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City partnership aims to reduce cost of solar panel installation

Installing solar panels can reduce homeowners’ electricity bills over time, but they can be pricey at the onset and that’s where a partnership between the city of Charlottesville and the nonprofit Local Energy Alliance Program (LEAP) comes in.

Through their cooperation, the partners hope to make going solar easier and less expensive for city residents.

Through June 30, Charlottesville homeowners and businesses can sign up for the Solarize Cville program to receive a free solar satellite assessment and get discounted prices and vetted installers.

“Our goal is to be a resource and a helping hand to walk folks through the process and to connect folks with trusted installers that are going to be providing discounted rates for participants,” said Katie VanLangen, LEAP’s director of the Solarize Cville program. “We’re able to get these discounted rates because we have so many people signing up that they are able to give us essentially bulk pricing; it’s not going to be free. It’s about making it easier and more affordable and knowing that you are going to see savings right off the bat.”

Total installation price varies by individual home or business, but VanLangen said the discount would bring the cost down between 10% and 20% percent of the market rate. That makes solar power available at about $10,000 to $25,000 in total cost per home.

While the program isn’t new to the city — it started in 2014 — this year the city and LEAP have been promoting it because the Federal Solar Income Tax Credit, which is given to homeowners who install solar panels, is dropping from 26% to 22% at the end of 2022.

“A really big push of our program this year in particular is letting people know that, if they want to get that 26% credit, they need to sign up and get their system installed by the end of the year. So we’re encouraging folks to sign contracts with their installers by the end of August in order to get credit by the end of the year, reducing the actual costs that folks are paying for their system,” VanLangen said.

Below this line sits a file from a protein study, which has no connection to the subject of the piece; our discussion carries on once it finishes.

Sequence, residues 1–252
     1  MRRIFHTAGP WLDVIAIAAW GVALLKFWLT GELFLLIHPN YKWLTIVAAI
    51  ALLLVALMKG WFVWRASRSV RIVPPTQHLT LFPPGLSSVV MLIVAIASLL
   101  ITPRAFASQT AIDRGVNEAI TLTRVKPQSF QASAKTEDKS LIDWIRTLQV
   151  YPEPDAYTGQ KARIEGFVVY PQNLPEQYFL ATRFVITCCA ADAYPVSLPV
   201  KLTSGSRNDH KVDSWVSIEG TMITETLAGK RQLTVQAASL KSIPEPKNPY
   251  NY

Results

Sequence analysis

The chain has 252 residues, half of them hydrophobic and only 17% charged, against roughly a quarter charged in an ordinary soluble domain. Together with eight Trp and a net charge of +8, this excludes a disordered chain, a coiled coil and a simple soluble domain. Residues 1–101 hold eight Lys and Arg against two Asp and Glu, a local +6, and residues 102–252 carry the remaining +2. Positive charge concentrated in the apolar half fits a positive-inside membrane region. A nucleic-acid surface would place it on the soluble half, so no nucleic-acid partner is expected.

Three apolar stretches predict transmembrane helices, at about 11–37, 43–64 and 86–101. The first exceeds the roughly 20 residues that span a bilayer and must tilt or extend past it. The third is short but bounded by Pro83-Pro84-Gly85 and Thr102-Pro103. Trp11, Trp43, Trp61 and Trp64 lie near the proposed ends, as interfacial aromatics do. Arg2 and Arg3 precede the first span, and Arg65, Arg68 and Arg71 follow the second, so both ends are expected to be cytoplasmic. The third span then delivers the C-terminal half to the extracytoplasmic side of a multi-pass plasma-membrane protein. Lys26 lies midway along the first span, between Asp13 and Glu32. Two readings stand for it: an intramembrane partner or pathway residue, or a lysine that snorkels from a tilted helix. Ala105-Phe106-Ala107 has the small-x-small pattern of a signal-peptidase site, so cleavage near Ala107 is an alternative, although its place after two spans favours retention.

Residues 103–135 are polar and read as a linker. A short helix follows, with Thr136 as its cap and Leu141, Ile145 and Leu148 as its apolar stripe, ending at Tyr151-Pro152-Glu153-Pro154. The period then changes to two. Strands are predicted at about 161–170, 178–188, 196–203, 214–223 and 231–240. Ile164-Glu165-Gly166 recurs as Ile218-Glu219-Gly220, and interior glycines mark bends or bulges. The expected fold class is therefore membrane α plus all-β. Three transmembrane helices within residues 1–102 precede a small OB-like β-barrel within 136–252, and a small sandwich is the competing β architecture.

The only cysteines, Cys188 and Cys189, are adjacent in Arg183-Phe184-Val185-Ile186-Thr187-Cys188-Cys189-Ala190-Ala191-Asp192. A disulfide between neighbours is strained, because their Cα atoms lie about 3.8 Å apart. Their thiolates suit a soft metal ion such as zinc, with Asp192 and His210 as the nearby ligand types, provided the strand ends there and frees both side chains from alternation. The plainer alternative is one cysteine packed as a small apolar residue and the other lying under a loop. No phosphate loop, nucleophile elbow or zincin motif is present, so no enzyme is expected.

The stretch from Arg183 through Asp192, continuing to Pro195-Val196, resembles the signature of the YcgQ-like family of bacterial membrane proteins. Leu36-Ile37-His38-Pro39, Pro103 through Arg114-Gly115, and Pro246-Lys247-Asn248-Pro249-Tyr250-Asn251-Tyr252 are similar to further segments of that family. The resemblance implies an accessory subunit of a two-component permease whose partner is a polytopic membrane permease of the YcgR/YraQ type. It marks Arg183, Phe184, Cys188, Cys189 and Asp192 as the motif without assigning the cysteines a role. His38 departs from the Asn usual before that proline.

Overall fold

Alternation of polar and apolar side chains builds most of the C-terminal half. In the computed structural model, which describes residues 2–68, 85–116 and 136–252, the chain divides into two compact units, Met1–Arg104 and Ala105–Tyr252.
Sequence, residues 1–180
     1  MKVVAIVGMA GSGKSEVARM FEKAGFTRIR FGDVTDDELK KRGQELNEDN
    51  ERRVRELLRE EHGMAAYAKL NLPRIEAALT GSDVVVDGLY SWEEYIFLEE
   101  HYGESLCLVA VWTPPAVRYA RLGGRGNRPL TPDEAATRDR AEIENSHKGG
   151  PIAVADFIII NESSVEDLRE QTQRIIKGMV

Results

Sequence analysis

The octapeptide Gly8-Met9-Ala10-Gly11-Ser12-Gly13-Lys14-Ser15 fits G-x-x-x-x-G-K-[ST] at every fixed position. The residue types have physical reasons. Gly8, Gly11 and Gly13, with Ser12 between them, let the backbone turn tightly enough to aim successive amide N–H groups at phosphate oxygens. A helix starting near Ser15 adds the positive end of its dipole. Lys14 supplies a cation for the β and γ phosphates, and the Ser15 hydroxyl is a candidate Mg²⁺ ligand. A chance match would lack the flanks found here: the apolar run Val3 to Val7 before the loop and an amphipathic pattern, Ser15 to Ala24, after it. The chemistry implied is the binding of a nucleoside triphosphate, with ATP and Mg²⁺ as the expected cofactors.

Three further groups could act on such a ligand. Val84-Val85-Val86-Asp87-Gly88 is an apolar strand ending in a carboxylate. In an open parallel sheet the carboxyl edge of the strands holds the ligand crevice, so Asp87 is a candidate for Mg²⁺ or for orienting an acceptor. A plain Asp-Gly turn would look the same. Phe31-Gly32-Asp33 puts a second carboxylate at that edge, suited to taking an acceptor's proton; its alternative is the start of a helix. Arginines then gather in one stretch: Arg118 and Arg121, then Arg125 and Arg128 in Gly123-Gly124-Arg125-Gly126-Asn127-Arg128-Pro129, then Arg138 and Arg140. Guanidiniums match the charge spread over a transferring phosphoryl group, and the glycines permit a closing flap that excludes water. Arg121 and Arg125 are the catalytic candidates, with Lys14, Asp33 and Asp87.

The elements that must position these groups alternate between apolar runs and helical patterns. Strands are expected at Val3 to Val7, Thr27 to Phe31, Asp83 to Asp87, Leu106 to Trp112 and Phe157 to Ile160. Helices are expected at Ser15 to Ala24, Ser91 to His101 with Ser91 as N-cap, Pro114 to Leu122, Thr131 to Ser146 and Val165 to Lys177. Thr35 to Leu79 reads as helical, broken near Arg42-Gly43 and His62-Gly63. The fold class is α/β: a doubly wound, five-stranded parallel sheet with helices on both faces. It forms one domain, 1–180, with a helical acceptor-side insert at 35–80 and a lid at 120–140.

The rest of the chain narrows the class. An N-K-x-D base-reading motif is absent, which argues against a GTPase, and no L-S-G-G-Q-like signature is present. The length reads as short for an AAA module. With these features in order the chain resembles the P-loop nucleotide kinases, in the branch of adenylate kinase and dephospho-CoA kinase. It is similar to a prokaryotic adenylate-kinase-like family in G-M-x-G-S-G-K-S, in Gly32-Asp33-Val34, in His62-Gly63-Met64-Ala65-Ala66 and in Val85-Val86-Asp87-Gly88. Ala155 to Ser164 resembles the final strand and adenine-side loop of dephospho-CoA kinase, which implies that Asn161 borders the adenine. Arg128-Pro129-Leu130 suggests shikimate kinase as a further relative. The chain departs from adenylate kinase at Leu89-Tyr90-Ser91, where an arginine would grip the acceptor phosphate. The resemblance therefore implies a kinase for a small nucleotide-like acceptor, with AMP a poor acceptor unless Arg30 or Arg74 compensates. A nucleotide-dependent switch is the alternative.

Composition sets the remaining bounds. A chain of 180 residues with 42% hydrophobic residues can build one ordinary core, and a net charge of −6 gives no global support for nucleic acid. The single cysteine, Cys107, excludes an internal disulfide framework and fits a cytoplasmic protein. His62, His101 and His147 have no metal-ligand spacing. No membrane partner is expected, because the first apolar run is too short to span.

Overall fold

Susan Elliott, the city’s climate protection program manager, said the city partnership with LEAP is part of the city’s efforts to reach its climate goals.

“It really helps in meeting the city’s climate goals in terms of bringing that local clean energy into our community,” Elliott said.

Another goal of the program is to help educate interested homeowners and make sure what they’re getting is legitimate and fairly priced.

“There’s a lot of confusion in the market, there’s a lot of barriers to entry. People don’t really know who to trust when there’s people knocking on doors, promising things that might be too good to be true,” VanLange said. “And as a local nonprofit, we really just want to serve as kind of a trusted partner through the process.”

Since 2014, 714 solar system contracts have been signed through LEAP’s Solarize programs across the state, generating more than 6.3 megawatts of solar capacity and over $17 million in value.

Elliott said there are both environmental and economical benefits to solar panel installation.

“In terms of reducing the carbon emissions that we’re putting up into the air, every kilowatt hour of clean energy is a kilowatt of emissions that we’re not using,” she said. “The panels do end up paying for themselves over their lifetime and anything that comes off your utilities bill over time can go back into the local economy. Solar panel installation is creating new jobs within our community, which is fantastic.”

Elliott also said a benefit of solar panels is that once they’re installed, they’re typically low-maintenance and don’t require a lot of repairs.

VanLangen said Solarize Cville looks for certain criteria when assessing a home’s viability for solar panel installation. These can include the age of the roof, whether the roof has a southern facing part, the presence of chimneys and dormers, and tree cover.

But VanLangen said each case is very different, and different solar panel systems may be determined to be better for different homes. This can include different numbers of panels, or even installing panels in the ground instead of the roof.

Homeowners interested in the program and receiving a free solar satellite assessment should sign up by June 30 on


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